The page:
Second, the benefits. There are honestly far too many to list. The most important to most folks I have spoken with are the VERY inexpensive health insurance options, child care reimbursement, retirement plans with match and inexpensive cell service.

    Third, the family. Many close friendships are formed within the walls of these buildings. During the "dark years" when AT&T was trying to acquire TMo and all business practices and expectations changed dramatically (and, not for the better), workers lost their sense of family in a lot of ways, due to the incredible stress of the impending merger. All that has melted away and left workers feeling relieved and more relaxed. Management even gets involved to encourage the sense of family.

    T-Mobile is not perfect, true, but it is a company that has made great strides toward positive and effective change.

    Posted by KJC Davis, 01/16/2015 6:23pm (5 months ago)

  • My wife works at a tmobile and they are nothing like what you say. They are a great company to work for. My wife just won a 32" LED HDTV. And bonuses about $1000 extra on top of her pay each month. So stop the lies unless you know what you are talking about.

    Posted by Trevor smith, 11/18/2014 9:34pm (7 months ago)

  • The best part of the article is the 96% of your attendance. Taking into account your 30 minutes lunch and two paid 15 minutes breaks, meeting that 96% goal means you can still be LATE by 15 minutes in total that shift. That's for an 6-8 hour shift. And your get paid for being late. A longer shift means even MORE time to be late.

    Posted by Brock, 10/29/2014 12:00am (7 months ago)

  • I think that the T-Mobile call center is the only thing in Albuquerque that's always hiring - now these may be the reasons WHY but at $13.00 an hour it pays more than the other things in that same state which take people fresh out of college or grad school which is, what, ALMOST NOTHING again. I've met people who swear up and down they will never work in a call center but unless you "know someone" or are related to the governor in some manner you will never get any other job better than technical support representative at a call center, not in New Mexico, anyway. Hence the state's "brain drain." What few people are even IN New Mexico who can qualify, get into other state's colleges and get the heck out of that state as fast as I-25 can take them....only to find out that the rest of this country then treats us like "foreigners" just for having New Mexico, USA on our license plate on our car, and telling everyone that we are "from" MEXICO and all that that entails. (Yes, over a car license plate). Hell, the way I'm getting treated elsewhere in this country just driving a car I bought IN New Mexico, I'm ready to say that TMobile Tech Support Rep job might be the only or best thing I can GET and head on back down there where at least I won't be called a "foreigner" just because of the license plate on my car!! The $13/hour call center jobs elsewhere in this country all have wicked ridiculous requirements. Verizon may have better working conditions but they're harder to get hired ON so the net result is that TMobile may be the only thing that will hire some of us. MIT, Yale and Johns Hopkins graduates nonwithstanding; every other job we apply for with all those degrees and credentials, takes one look at the color of our skin, ignores where or even the fact that we went to college, and sends us on our way and that, my friends, is why minorities with college degrees wind up with "sweatshops" like TMobile call center being the ONLY thing that will hire us. Hell, Verizon's call center in Albuquerque even took a while (6 months) to get back to me when I applied. Or, no, wait, was that the one in Rochester, NY, while the one in Albuquerque got back to me NEVER......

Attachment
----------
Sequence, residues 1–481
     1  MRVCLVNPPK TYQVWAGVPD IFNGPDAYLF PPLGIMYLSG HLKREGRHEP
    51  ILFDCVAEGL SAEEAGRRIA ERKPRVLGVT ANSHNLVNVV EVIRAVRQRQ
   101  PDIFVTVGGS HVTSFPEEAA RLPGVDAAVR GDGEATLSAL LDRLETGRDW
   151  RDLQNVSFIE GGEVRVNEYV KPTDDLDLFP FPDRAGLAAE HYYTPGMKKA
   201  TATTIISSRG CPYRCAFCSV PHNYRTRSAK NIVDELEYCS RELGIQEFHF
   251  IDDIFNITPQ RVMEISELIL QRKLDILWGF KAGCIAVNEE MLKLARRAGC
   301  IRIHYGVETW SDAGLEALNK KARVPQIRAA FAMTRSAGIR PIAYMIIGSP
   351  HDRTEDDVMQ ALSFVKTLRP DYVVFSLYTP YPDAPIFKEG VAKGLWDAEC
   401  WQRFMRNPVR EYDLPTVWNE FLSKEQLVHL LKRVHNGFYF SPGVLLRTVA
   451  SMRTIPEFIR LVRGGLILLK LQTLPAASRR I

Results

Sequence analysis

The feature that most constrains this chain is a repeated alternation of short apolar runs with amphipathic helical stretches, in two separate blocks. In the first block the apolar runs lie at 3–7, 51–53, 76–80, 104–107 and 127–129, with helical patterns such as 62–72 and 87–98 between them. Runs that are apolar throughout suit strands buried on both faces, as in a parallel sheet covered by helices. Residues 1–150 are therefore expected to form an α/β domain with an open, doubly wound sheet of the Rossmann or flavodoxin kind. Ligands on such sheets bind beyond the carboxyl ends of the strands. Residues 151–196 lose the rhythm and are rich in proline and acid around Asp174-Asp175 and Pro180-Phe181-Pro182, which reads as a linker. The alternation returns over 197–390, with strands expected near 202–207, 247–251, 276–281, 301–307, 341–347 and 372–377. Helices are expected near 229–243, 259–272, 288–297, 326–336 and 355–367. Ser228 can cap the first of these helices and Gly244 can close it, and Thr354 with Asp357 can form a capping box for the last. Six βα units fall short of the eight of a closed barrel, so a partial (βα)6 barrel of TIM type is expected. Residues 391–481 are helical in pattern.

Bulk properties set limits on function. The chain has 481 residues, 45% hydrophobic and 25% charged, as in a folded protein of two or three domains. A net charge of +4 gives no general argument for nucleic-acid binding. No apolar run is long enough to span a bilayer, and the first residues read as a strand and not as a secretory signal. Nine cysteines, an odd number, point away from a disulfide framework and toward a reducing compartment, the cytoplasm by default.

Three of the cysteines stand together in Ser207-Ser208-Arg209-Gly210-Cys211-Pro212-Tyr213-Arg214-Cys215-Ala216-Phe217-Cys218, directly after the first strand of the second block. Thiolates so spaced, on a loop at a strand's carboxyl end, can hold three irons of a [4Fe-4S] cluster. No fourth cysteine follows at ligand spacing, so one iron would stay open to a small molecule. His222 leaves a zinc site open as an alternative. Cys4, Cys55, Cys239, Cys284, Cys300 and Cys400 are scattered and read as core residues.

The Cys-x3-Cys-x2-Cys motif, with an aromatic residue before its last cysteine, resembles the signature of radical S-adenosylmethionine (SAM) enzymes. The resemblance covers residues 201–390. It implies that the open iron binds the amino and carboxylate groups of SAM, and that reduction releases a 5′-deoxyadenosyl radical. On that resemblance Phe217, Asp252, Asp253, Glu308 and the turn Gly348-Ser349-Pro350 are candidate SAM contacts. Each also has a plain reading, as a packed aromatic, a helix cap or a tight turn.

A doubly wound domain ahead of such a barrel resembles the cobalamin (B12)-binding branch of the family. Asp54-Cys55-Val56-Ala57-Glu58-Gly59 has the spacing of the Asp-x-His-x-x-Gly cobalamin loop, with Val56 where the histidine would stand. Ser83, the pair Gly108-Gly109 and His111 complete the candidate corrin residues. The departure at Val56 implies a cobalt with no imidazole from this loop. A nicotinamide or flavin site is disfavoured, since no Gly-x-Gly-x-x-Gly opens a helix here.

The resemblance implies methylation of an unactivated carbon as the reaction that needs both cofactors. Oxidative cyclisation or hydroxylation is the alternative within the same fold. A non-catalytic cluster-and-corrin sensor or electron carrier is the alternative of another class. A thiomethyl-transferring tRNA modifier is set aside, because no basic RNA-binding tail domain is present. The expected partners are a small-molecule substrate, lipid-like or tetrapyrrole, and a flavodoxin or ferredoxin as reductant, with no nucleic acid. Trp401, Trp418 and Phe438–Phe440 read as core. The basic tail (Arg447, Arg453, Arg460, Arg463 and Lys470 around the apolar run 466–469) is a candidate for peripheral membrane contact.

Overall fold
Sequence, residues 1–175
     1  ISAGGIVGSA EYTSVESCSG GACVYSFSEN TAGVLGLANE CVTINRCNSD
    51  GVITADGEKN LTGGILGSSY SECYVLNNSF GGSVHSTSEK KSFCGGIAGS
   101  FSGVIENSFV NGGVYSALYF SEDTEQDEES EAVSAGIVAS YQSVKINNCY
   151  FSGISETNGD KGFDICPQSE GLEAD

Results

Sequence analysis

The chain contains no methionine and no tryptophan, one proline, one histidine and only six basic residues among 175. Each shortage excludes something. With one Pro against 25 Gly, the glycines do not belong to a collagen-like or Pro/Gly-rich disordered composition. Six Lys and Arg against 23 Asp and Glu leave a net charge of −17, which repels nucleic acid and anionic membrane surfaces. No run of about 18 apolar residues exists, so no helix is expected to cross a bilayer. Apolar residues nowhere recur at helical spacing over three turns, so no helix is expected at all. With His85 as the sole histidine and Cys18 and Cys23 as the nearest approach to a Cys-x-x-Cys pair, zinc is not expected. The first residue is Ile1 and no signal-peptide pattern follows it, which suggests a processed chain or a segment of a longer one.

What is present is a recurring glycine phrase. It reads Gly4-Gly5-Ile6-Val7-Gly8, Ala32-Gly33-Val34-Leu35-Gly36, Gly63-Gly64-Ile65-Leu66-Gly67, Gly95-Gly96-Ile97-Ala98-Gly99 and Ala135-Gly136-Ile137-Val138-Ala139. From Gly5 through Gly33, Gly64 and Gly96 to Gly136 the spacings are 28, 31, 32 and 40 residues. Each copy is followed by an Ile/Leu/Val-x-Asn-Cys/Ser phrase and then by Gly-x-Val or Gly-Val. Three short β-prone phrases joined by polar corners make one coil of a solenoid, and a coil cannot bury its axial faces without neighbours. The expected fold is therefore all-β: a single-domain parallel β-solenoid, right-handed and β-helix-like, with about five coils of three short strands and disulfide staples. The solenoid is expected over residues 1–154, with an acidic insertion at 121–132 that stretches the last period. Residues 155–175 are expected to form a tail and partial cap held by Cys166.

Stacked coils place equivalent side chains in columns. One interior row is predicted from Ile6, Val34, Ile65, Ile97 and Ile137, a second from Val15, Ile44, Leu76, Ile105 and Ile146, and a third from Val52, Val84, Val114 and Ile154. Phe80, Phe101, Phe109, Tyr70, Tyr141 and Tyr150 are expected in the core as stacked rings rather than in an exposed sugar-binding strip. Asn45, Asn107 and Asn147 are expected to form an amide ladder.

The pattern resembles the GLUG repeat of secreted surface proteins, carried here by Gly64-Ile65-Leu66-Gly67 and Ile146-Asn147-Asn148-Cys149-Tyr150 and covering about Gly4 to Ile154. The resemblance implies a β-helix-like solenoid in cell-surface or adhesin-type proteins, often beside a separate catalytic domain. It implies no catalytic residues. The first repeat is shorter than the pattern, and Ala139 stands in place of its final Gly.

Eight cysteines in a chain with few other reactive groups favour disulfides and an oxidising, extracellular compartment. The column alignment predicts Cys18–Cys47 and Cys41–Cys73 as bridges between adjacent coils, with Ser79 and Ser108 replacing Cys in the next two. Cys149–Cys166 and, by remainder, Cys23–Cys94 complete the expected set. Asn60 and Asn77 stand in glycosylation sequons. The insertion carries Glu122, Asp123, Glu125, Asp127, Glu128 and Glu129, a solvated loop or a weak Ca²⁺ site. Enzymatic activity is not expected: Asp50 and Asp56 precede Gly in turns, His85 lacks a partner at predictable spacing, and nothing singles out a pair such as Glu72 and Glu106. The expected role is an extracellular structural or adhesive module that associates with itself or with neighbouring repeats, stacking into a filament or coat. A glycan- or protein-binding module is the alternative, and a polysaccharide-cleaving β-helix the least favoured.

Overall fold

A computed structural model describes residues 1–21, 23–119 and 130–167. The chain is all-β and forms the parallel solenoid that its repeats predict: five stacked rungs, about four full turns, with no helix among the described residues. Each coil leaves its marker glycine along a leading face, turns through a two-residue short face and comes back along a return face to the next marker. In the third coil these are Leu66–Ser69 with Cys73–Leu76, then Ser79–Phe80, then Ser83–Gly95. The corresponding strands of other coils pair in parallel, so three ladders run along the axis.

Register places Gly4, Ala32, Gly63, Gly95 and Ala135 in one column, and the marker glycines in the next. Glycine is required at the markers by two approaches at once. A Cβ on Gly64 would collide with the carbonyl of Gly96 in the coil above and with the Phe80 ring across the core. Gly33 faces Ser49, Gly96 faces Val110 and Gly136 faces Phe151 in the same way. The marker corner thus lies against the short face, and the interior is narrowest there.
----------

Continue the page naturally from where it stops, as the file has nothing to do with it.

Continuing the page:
Posted by Penny, 09/30/2014 9:52am (8 months ago)